The best Spider-Man stories are as much about Peter Parker himself as they are about the superhero. As a result, his greatest friends and enemies usually hold a strong personal connection for him; that's why the Green Goblin and Venom are generally viewed as Spider-Man's greatest foes. Fortunately, Marvel's been careful to add that personal touch to #SpiderManHomecoming, not least in some of the secondary characters they've introduced.
Take a look at Peter Parker's classmates and you'll be surprised to see how many future superheroes (and even supervillains) attend Midtown High. Be warned: light spoilers follow from this point...
Let's start with Tiffany Espensen's Cindy Moon, a fellow member of the Academic Decathlon team. We first learned Cindy's first name back in last August, when a cast list leaked online. Fans immediately realized that there's only one Cindy in Peter Parker's life, and Espensen confirmed that she's playing this role on Twitter.
Cindy Moon was created by Dan Slott back in 2014, and was retconned into Spider-Man's origin story as another teenager who was bitten by that famous radioactive spider. Unlike Peter, though, Cindy was found by the spider totem known as Ezekiel, and was persuaded to hide away for years. Ezekiel knew that, should Cindy be out there using her powers, she'd unwittingly draw the interdimensional hunters known as the Inheritors to our world in order to kill the spider totems. When Spider-Man learned of Silk's existence, he busted her out, confident that he'd dealt with the threat of the Inheritors. Alas, Spidey was wrong, and Silk's release essentially launched the 'Spider-Verse' event.
The MCU version of Cindy Moon seems very different. For one thing, not only is she still in class, Homecoming also gave her an opportunity to demonstrate any spider-powers — if only to save her own life. That said, with Spider-Man's MCU origin still cloaked in mystery, Marvel could easily chose to introduce Silk further down the road.
Yes, that's right, Laura Harrier's Liz Allan is a superhero too! In the Ultimate Universe, Liz Allan discovered that she was a mutant, and took on the identity of Firestar. She's a powerful pyrokinetic, able to generate searing blasts of heat and radiation, and is even gifted with the power of flight.
There are no signs that the MCU's Liz Allan has super-powers, and the rights to 'mutants' sit with Fox. That being said, Laura Harrier has publicly noted that she'd love her character to go in this direction, and #Marvel could easily switch her origin story up.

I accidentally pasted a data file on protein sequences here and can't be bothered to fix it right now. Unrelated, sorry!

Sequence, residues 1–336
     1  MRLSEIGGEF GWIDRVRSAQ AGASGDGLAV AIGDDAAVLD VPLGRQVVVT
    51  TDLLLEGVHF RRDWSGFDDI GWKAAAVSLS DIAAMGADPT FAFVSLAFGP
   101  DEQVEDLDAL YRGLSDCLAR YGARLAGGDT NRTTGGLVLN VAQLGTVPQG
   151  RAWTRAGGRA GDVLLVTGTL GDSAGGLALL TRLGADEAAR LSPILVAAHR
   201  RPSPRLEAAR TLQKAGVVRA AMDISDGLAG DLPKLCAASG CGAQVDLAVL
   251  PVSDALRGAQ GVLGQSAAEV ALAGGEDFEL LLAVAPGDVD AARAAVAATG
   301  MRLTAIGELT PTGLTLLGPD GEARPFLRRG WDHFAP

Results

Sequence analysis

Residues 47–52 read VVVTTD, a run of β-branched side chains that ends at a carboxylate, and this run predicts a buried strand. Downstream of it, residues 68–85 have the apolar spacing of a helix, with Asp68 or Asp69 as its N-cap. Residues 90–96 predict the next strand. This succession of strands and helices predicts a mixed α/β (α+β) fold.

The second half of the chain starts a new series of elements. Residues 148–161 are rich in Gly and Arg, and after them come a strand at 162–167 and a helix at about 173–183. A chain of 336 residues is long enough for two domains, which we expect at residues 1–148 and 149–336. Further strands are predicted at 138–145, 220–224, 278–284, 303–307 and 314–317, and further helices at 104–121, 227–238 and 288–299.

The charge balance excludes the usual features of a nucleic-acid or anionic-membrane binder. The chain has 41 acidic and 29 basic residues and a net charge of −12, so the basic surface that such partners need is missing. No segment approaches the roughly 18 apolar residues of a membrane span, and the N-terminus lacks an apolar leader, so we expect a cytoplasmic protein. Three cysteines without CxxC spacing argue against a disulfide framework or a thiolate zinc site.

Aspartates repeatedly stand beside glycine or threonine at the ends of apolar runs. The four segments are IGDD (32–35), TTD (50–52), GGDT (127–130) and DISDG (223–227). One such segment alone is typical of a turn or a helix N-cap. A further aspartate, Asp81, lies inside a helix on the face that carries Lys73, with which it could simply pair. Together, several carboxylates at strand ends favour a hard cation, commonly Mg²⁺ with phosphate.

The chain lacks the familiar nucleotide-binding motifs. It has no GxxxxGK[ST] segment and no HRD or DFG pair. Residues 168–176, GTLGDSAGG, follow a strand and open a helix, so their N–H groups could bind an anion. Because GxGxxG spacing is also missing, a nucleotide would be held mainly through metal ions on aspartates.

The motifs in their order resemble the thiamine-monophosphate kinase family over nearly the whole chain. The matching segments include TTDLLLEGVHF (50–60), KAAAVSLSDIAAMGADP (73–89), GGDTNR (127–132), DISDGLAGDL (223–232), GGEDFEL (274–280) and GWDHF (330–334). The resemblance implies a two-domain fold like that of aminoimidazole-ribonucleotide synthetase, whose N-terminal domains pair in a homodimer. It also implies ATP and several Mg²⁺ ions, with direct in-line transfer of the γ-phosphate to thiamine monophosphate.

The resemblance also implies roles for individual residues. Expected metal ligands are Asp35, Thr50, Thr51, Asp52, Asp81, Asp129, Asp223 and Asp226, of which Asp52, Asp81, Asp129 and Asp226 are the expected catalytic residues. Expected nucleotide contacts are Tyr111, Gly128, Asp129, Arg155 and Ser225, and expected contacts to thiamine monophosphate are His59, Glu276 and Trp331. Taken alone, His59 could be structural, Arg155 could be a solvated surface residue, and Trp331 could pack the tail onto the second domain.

You may not have noticed Liz's friend Sally Avril — played by Isabella Amara — but in the comics, she's a superhero too! Sally was created by Stan Lee and Steve Ditko as part of Flash Thompson's entourage back in Amazing Fantasy #15, but Kurt Busiek and Pat Olliffe turned her into a far more important character in the '90s. Sally was retconned as an ambitious, thrill-loving gymnast who tried to cash in on a Daily Bugle contest to unmask Spider-Man. She became smitten with the web-slinger (ironic, given she turned Peter down in Amazing Fantasy #15).
Sally briefly took on the costumed identity of the Bluebird, and Spider-Man did his best to discourage her — even letting the Black Knight's thugs beat her up quite badly on one occasion. Bluebird didn't take that lesson to heart, with disastrous consequences; Attempts to photograph Spider-Man fighting the Black Knight led her boyfriend to speed through a red light, and their car was struck by a bus. Sally was killed outright, much to Spider-Man's sorrow.
Kelsey Chow played the role in The Amazing Spider-Man, and Sony intends to bring her back as a recurring character.
Tony Revolori's Flash Thompson is very different to the brash high school jock of the original comics, and it's certainly got fans talking! In the comics, Flash became a soldier, but was crippled while on a tour of duty. Eventually, Thompson wound up bonding with the Venom symbiote, becoming Agent Venom.
We can be pretty confident that this is never going to happen in the MCU. Homecoming's Flash Thompson is hardly the type of guy to become a military man in the first place, while Sony has their own plans for Venom.
You've heard of the Black Panther — but have you heard of the Black Tiger? Abraham Brown (played by Abraham Attah in Homecoming) was one of the Sons of the Tiger, three martial artists who are strengthened by mystical tiger amulets. He ultimately took up a solo career as the Black Tiger, one of the stars of the Deadly Hands of Kung Fu comic.
Let's close off with a supervillain — Ned Leeds himself! A classic Spider-Man character, Ned was introduced as Peter's rival for Betty Brant, and was brainwashed into taking on the identity of the Hobgoblin. His was a tragic story, as the brainwashing led to the end of his marriage, and ultimately cost poor Ned his life.
Again, it doesn't look likely that the MCU's Ned Leeds will become a supervillain anytime soon. This version of Ned is strongly influenced by Ganke, a schoolfriend of Miles Morales's Ultimate Spider-Man, and Ganke doesn't have any history either as a superhero or as a supervillain. That said, a teaser in the Spider-Man and his Amazing Friends panel at #SDCC2017 teased that may be about to change; fans were given a glimpse of interior art featuring 'Super Ganke!'
It's entirely possible that most of these roles are simply Easter Eggs, brief references to leave fans thrilled at how Homecoming honors the original comics. At the same time though, Laura Harrier has already said that she'd love to see her character develop into Firestar, and the Bluebird's story is tragic enough to add a real theme of 'consequences' to the developing #SpiderMan corner of the #MCU. It's going to be fascinating to see whether the sequels pick up any of these plot threads!